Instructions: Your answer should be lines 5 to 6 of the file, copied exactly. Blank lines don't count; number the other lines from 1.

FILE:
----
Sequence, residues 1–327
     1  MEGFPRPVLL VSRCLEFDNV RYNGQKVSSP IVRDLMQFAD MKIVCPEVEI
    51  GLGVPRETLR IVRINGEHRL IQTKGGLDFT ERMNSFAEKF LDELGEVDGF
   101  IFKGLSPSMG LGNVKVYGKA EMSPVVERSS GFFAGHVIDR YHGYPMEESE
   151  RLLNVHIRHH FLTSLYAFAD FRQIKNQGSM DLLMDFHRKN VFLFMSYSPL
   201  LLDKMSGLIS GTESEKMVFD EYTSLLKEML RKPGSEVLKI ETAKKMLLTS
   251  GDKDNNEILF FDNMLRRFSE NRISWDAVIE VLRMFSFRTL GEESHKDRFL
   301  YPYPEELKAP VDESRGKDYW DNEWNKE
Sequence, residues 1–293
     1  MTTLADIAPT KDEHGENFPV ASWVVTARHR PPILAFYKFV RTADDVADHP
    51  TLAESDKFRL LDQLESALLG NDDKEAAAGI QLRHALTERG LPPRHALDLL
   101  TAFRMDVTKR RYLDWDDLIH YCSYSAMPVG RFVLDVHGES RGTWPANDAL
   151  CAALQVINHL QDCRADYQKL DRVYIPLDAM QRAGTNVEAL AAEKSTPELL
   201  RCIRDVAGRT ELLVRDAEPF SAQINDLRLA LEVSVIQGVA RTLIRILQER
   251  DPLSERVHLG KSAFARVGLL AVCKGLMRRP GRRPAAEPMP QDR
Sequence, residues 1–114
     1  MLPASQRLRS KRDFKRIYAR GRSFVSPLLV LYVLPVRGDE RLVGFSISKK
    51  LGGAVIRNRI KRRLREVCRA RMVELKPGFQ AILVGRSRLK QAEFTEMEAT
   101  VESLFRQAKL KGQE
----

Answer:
   151  RLLNVHIRHH FLTSLYAFAD FRQIKNQGSM DLLMDFHRKN VFLFMSYSPL
   201  LLDKMSGLIS GTESEKMVFD EYTSLLKEML RKPGSEVLKI ETAKKMLLTS